With ShrinkWrap you basically have the option to skip the entire build process if you want to. What if you would want to integrate ShrinkWrap with your existing Maven based project? I found myself in a situation where I had a somewhat small web application project setup with Maven, with a single pom.xml which specified war packaging. Due to some external factors I suddenly found myself with a demand of being able to support one of my Spring beans as an EJB. One of the application servers the application should run on demanded that my application was packaged as an ear with the EJB in an own jar with the ejb-jar.xml descriptor file. In this case it would be too much of a trouble to refactor the Spring bean/EJB into an own module with ejb packaging, and then to assemble an ear through the maven-ear-plugin. I also wanted to remain independent of the application server, and wanted to be able to deploy the application as a war artifact on another application server if I wanted to. So I thought I could use ShrinkWrap to help me out.

Add a ShrinkWrap packaging to Maven
I will now describe what I needed to do to add “ShrinkWrap awareness” to my Maven build. I tried to keep this example as simple as possible, therefore I have omitted “unnecessary” configuration, error handling, reusability aspects etc. This example shows you how to build a simple custom EJB jar file with Maven and ShrinkWrap, e.g. together with the build of a war module. First, I obviously had to add the maven dependencies:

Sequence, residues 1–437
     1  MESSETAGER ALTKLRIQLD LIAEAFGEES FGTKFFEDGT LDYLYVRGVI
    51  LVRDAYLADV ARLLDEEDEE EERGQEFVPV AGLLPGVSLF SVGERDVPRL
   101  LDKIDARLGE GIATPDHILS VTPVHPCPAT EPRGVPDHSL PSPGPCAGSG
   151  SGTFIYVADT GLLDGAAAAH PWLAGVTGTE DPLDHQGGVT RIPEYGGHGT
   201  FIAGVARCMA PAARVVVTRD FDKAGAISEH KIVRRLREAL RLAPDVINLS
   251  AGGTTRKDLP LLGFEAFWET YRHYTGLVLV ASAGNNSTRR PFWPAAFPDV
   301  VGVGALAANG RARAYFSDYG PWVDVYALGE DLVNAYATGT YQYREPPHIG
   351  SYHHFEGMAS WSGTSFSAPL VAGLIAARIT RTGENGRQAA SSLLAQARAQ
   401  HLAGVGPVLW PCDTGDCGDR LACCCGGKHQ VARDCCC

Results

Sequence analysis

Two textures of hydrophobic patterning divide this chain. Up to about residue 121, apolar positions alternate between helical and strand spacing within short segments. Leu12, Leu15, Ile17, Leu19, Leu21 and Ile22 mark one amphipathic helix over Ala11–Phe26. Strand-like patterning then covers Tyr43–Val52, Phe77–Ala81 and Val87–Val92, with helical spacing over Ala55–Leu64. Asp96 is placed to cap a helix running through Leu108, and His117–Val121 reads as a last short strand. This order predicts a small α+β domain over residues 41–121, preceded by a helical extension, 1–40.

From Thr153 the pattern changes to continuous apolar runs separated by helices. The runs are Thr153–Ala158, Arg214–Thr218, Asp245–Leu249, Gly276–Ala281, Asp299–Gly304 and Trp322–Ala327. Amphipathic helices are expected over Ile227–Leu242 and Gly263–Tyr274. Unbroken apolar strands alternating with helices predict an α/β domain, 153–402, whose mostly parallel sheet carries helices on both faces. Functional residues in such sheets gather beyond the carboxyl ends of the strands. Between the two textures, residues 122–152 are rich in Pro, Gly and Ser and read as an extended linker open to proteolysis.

I added the api dependency with compile scope as I only need it when building my application. I then added the exec-maven-plugin which basically allows me to execute Java main classes in my Maven build process:


Notice that I specified the package execution phase, which tells Maven to execute the plugin at the package phase of the build process. The plugin will execute the se.diabol.example.MyPackager class with the project build directory as an argument.

Let’s take a look at the se.diabol.example.MyPackager class and the comments on the end of the rows:

public class MyPackager{
   public static void main(final String args[]){
      String buildDir = args[0];          // The build directory, passed as an argument from the exec-maven-plugin
      String jarName = "my_ejb_archive.jar";                   // Chosen jar name
      File actualOutFile = new File(buildDir + "/" + jarName); // The actual output file as a java.io.File
      JavaArchive ejbJar = ShrinkWrap.create(JavaArchive.class, jarName)
            .addClasses(MyEjbClass.class)                      // Add my EJB class and the ejb-jar.xml
            .addAsResource("ejb-jar.xml");                     // These exist on classpath so ShrinkWrap will find them
      ejbJar.as(ZipExporter.class).exportTo(actualOutFile);    // Create the physical file

Now when you have successfully built your project with e.g. mvn clean package, you will now see that ShrinkWrap created my_ejb_archive.jar archive in the project build directory, containing the MyEjbClass.class and the ejb-jar.xml! When you’ve started off by a simple example like this, you can now move on to more sophisticated solutions and take advantage of ShrinkWraps features.

Tommy Tynjä